The Butler

Lee Daniels finally goes full historical drama with his Forest Whitaker-starring bid for awards season glory, The Butler (or, Lee Daniels’ The Butler, depending on how sensitive you are to technicalities). Based on the real life story of White House butler Eugene Allen, who worked for eight U.S. presidents between the years 1952 and 1986, Daniels and screenwriter Danny Strong have retrofitted Allen’s compelling story to suit their own aims (changing the name of the Allen character to “Cecil Gaines” is the least egregious modification to the story, and even that one feels strange). Less a story about one man and his experiences in a changing White House (and a changing world), The Butler is mostly a domestic drama told in the vein of Forrest Gump about a man who just happens to work in the White House, with much of history hitting him outside the confines of his unique job.

Despite Gaines’ (or Allen’s, again depending on how sensitive you are to technicalities) incredibly interesting career path (from Southern slave to hotel employee to highest ranking butler in the White House), most of The Butler is focused on the family squabbles that play out between the apolitical Cecil and his oldest son Louis (played mostly by the wonderful David Oyelowo), who becomes a civil rights crusader in the most Forrest Gump way possible (you name a major event in the civil rights movement, and Louis is there, usually on television too, just for good measure). The film’s very subject matter basically guarantees that its audience will feel an emotional engagement with its material, with Cecil and Louis’ father-son drama only serving to heighten that sense of personal connection.

Daniels’ decision to keep his camera on the trials and tribulations of the Gaines family would be fine, albeit still a smidge boring, if The Butler wasn’t plagued by one insurmountable fact – the real butler didn’t have a son who was a civil rights crusader. He didn’t even have two sons. In fact, Allen only had one son, and much like the youngest Gaines boy in the film (played in later years by the very funny Elijah Kelley), he went to war, he didn’t participate in the civil rights movement. It seems that, despite very compelling and unique source material, both Daniels and Strong wanted to make a movie that centered on the civil rights movement – an admirable and important idea, undoubtedly – which is why it’s so bizarre that they cannibalized the real story of the butler to make such a lax Forrest Gump rip-off.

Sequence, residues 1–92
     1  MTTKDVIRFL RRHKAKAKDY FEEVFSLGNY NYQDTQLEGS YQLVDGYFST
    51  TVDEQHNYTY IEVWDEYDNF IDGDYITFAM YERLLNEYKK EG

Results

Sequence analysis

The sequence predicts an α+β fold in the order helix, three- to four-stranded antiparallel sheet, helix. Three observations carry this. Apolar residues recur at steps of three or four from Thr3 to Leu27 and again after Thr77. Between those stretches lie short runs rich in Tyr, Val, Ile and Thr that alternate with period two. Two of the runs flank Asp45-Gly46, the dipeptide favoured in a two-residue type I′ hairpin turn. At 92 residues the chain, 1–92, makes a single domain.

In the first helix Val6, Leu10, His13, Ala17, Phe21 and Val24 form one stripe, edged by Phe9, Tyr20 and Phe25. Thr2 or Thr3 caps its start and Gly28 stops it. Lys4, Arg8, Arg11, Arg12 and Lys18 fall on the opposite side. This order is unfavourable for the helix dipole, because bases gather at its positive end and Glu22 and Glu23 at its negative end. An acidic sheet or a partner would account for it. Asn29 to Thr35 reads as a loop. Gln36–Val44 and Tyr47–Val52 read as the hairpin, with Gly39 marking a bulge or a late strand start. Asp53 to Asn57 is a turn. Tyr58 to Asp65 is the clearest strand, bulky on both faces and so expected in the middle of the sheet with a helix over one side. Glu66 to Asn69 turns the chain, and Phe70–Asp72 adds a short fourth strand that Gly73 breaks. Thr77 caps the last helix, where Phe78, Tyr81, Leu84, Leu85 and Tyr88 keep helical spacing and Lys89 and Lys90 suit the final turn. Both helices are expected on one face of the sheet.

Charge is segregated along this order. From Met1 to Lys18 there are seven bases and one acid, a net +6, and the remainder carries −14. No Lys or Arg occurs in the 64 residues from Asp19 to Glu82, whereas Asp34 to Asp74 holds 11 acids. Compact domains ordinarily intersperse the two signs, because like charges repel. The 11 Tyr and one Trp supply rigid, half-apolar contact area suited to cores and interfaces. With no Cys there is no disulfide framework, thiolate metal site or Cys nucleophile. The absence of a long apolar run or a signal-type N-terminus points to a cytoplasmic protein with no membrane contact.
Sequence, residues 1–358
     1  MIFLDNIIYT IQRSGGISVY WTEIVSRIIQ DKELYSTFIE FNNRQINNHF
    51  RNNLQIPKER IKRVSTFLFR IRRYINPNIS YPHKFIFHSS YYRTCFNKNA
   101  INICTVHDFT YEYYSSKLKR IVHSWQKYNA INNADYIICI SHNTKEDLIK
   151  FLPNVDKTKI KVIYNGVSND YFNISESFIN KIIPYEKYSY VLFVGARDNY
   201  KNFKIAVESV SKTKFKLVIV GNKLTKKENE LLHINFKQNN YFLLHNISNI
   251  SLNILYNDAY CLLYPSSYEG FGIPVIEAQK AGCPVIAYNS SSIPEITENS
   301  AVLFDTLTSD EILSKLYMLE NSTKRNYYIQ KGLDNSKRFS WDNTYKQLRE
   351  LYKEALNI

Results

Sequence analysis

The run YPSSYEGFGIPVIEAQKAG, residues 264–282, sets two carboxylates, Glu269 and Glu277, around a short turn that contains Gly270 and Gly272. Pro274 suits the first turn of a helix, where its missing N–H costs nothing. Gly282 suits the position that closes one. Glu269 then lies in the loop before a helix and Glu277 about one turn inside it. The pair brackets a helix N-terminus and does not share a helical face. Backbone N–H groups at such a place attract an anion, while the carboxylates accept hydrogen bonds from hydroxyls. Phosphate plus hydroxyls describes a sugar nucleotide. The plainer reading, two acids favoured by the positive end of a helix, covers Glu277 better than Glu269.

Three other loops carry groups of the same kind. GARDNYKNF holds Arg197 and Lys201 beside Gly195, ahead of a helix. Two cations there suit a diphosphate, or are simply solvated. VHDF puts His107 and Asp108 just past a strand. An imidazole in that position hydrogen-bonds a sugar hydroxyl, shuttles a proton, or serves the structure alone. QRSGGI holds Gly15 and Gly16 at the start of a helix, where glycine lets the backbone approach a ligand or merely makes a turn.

Daniels’ directorial style may not be at Precious levels here, but it’s still readily apparent – his fuzzy, nearly sweaty lighting, seemingly salacious close-ups on dirty deeds, over-the-top supporting characters (Oprah Winfrey’s turn as Cecil’s wife is monstrous and then oddly constrained), and a poor sense of structure all dot the landscape of The Butler – and while Daniels’ consistency with his point of view is admirable, his lack of growth is becoming more and more of a problem. Daniels is also still prone to trotting out sequences clearly meant to feel excessively meaningful, using obvious juxtaposition to convey heavy-handed messages about his storyline and his characters. This is never more conspicuous than during a long sequence that sees young Louis participating in a lunch counter sit-in (he’s sitting even though other people don’t want him to!) while a White House-serving Cecil seats guests at a fancy dinner (he’s pulling out the chairs for other people to sit in!). It’s a film school level trick that Daniels isn’t interested in shedding just yet, even though it makes otherwise competent work look juvenile.

Despite casting a wide variety of known actors to play American presidents in various states of disarray (and we’re talking serious disarray John Cusack as Nixon is somehow both completely hilarious and strangely compelling, Robin Williams’ Eisenhower seems like an afterthought, and Liev Schreiber’s LBJ is like something ripped from an SNL skit), the final third of The Butler glosses right over some administrations by way of newsreel footage. It’s a highly unfortunate choice, especially considering that, as the Kennedys, James Marsden and Minka Kelly provide some of the best and most emotional scenes in the entire film. Daniels has all the pieces to make something rich and real with his The Butler, but his adherence to his old styles and a disregard for existing material keep his film from being the emotional blockbuster it could (and, in the hands of another director, likely would) have been.

The Upside: Compelling casting, well-made historical elements (costumes, make-up, set designs), solid supporting performances (Cuba Gooding, Jr. is particularly solid as a fellow butler), a reliable turn by Whitaker (despite not being compelling enough for awards season attention).

The Downside: Consistent over-direction from Daniels, a limp script from Strong, and an unshakable sense of Forrest Gump historical retread.

On the Side: You can read the article that started it all, Wil Haygood’s piece “A Butler Well Served by This Election” from the Washington Post, right HERE.

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